RiverStone's in-house interior designer Emily LeCras collaborates with clients through Pinterest boards to arrive at a vision of what their houses will look like.
Marshall says RiverStone has put a "toe in the water" with social media but most clients don't use it.
"But with Pinterest there's a practical benefit for our interior designer and clients. (LeCras) can go in and see what their inspirations are and use that to go to suppliers."
Looking to the future, Marshall is excited about the prospect of using augmented reality to simulate the look of a house in its native environment. In such a scenario, a project manager is onsite with the customer, streaming rendered 3D models to the iPad from the server, which would superimpose them on the scenery captured by the handheld device’s camera. By spinning and walking around the space, they see a window on what the house will look like in situ.
And Marshall wants more efficient document control and electronic conveying of documents. "Although we scan everything into our server, document control, which is a huge part of our business, is something we'd like to be more efficient and something we're always on the look out for.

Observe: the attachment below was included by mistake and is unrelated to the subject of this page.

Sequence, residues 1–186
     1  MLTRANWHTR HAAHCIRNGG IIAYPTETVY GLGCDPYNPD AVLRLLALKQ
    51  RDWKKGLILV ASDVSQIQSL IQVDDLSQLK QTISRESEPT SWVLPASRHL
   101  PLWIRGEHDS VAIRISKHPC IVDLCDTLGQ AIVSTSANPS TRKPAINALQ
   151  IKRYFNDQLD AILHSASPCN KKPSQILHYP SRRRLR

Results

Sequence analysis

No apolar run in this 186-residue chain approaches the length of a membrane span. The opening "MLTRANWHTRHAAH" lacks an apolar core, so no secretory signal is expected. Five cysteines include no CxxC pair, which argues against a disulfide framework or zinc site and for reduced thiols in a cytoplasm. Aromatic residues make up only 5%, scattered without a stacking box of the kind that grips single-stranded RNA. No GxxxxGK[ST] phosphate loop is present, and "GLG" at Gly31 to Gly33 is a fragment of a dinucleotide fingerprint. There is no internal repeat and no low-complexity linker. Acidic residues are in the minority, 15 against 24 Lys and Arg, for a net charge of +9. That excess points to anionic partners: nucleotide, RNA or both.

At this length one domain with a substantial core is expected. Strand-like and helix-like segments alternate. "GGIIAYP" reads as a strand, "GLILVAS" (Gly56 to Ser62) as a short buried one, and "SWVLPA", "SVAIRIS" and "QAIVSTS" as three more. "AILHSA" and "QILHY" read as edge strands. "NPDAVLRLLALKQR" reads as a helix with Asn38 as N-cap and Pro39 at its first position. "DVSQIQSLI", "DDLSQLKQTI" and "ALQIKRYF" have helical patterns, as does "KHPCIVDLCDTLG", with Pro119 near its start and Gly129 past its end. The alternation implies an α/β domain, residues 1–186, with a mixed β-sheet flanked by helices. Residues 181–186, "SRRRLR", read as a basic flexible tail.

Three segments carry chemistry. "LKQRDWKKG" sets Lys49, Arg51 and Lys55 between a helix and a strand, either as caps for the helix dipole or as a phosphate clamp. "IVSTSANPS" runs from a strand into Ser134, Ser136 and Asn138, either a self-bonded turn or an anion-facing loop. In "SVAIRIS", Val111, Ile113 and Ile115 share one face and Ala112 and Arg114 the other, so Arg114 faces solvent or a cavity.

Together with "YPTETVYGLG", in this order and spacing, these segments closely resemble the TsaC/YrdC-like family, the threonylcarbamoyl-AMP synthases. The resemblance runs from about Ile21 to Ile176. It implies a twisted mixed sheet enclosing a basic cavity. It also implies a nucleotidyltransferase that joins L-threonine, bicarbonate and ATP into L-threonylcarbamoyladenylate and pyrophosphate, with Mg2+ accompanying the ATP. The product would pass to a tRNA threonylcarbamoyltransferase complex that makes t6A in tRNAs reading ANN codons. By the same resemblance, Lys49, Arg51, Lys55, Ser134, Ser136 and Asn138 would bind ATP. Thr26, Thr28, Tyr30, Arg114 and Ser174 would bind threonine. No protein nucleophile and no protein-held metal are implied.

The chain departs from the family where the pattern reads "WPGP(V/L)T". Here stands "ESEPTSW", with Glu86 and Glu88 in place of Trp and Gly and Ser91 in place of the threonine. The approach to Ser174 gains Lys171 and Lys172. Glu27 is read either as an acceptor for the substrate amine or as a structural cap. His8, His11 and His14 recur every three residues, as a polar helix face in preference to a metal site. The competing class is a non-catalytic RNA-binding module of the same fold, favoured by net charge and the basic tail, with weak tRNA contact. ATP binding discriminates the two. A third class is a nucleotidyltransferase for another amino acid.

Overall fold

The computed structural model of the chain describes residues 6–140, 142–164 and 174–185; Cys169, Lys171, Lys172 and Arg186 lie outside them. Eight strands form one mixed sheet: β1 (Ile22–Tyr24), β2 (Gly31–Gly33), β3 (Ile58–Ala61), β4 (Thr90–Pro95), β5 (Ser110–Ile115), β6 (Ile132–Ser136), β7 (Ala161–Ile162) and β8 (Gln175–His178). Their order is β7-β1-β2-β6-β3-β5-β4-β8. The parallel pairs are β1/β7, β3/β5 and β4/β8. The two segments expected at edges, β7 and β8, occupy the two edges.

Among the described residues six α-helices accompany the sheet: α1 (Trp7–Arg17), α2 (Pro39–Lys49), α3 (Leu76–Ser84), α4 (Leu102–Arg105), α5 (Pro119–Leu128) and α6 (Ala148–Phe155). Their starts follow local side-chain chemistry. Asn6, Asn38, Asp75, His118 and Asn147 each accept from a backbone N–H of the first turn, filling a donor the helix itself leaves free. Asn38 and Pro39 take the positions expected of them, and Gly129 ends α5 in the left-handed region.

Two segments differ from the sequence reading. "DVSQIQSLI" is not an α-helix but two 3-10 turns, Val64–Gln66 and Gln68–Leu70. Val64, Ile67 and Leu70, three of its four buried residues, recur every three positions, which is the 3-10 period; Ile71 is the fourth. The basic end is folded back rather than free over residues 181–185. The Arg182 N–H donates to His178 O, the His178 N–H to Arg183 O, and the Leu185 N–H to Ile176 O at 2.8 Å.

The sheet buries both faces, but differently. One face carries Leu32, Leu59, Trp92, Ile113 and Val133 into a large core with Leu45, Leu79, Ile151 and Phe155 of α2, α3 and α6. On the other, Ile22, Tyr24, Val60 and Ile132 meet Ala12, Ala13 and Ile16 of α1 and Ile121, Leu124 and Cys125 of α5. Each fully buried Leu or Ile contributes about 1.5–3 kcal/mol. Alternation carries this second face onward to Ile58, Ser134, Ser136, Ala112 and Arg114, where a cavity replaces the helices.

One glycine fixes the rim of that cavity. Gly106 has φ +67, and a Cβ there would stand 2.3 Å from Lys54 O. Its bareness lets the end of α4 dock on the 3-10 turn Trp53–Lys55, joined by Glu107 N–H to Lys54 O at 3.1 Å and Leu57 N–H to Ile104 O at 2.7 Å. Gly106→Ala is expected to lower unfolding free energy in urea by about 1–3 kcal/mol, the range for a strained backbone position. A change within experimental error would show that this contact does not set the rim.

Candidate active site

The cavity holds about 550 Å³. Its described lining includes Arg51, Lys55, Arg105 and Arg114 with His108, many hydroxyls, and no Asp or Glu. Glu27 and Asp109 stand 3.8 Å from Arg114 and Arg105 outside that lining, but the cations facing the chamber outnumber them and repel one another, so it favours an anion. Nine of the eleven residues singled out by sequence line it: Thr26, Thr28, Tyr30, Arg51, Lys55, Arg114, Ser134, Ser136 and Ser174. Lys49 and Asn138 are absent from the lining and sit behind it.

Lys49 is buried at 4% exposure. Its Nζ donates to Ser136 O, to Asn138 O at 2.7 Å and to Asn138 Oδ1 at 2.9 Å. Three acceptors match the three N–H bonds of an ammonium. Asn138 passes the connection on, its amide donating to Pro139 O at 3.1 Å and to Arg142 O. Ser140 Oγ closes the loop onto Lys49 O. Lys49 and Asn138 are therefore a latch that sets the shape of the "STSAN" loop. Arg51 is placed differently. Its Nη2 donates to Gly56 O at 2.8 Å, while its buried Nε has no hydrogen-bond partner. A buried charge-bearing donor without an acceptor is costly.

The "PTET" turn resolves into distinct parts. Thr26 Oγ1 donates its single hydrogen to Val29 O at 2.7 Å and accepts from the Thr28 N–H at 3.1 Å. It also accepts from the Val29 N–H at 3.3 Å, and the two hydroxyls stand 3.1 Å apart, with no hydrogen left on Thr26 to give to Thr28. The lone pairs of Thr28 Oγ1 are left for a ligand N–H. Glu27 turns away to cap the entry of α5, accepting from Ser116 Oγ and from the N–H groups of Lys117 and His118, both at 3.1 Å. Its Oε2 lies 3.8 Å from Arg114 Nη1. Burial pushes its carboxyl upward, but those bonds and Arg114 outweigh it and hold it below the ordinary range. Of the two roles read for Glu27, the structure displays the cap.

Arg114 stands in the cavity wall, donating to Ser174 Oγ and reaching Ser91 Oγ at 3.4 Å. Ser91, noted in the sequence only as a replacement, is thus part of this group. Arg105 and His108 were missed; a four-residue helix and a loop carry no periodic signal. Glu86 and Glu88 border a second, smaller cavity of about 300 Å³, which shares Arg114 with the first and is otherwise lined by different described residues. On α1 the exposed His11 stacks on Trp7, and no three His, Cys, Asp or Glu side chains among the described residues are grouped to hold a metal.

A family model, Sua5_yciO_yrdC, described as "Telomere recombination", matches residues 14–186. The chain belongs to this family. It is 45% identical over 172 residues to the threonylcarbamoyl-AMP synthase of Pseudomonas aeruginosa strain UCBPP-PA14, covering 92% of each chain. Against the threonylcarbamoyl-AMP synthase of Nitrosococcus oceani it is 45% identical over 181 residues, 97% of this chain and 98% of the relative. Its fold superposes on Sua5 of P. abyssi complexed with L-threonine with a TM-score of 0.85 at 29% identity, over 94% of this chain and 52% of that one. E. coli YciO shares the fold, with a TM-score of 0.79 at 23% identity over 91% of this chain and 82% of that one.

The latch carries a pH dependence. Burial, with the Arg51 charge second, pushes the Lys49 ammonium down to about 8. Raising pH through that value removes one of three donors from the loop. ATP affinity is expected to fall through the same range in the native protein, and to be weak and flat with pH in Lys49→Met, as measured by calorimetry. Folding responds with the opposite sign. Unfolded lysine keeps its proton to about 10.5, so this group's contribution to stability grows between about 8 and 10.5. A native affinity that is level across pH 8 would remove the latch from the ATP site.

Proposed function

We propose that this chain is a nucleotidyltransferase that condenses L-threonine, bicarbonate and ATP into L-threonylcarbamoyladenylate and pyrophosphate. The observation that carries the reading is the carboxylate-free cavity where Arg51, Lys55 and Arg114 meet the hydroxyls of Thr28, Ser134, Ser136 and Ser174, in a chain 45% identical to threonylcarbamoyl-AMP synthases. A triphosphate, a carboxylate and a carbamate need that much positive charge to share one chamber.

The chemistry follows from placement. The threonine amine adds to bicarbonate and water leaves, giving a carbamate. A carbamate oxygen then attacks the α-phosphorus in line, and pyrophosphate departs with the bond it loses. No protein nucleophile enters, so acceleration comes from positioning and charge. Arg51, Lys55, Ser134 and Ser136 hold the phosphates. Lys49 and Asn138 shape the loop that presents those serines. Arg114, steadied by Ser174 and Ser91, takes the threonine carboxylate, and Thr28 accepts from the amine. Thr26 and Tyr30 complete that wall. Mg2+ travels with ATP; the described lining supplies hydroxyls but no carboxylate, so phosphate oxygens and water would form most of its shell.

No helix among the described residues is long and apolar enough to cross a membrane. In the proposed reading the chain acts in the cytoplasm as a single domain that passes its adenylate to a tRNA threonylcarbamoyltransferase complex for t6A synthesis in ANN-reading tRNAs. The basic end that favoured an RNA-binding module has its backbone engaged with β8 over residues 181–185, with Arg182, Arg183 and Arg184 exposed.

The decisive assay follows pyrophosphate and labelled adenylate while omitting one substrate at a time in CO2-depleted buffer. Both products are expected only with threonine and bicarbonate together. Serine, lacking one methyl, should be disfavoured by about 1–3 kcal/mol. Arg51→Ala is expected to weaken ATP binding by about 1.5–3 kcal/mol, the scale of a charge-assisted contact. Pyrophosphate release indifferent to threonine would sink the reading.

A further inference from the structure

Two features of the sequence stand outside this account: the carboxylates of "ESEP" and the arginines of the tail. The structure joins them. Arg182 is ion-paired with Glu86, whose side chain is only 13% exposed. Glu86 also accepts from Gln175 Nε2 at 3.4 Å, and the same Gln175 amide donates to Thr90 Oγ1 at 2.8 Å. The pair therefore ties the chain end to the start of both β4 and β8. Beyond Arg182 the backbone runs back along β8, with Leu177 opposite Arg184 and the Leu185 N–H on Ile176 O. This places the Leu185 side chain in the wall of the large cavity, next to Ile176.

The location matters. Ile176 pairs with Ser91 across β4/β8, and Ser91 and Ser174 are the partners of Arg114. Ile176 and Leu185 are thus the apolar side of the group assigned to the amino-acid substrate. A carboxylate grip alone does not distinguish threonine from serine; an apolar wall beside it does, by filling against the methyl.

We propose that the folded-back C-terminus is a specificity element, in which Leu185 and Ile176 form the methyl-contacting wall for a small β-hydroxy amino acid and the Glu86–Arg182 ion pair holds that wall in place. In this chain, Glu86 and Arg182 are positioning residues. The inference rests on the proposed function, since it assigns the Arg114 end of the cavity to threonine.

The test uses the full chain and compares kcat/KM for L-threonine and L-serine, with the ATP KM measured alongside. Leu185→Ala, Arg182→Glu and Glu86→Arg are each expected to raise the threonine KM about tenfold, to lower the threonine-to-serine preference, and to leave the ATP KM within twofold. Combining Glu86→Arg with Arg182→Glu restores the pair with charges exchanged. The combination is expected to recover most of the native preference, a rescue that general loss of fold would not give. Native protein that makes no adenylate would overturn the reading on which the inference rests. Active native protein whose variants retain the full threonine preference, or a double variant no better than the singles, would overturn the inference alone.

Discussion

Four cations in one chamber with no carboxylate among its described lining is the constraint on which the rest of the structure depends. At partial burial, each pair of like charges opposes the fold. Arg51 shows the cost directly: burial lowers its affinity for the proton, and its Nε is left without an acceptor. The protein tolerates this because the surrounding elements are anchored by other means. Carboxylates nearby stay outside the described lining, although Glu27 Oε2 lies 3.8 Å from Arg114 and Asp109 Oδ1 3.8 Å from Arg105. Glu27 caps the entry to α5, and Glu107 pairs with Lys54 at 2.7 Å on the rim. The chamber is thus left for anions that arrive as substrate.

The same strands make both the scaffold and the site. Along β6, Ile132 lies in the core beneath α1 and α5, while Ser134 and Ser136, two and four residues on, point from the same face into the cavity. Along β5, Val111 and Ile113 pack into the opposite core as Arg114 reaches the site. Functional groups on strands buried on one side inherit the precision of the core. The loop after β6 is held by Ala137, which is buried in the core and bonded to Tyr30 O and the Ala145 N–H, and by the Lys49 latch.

"The residential building industry could really benefit through something that was a lot more sophisticated. The investment in that side of it from people who built the software hasn’t been huge.
"If you look at how the drafting has evolved in the past 20 years from people drawing lines on a page and building models through hand and now doing everything in 3D on a computer – the other side of the business with the documentation hasn't evolved greatly."
Nate Cochrane is a technology journalist, photographer and media consultant who contributes to the Sydney Morning Herald, among other publications. He was previously editor-in-chief for IT publications CRN Australia, SC Magazine and iTNews, published by Haymarket Group, as well as editing the NEXT IT section in The Age and Sydney Morning Herald newspapers.
[Main article image: File photo. Shutterstock]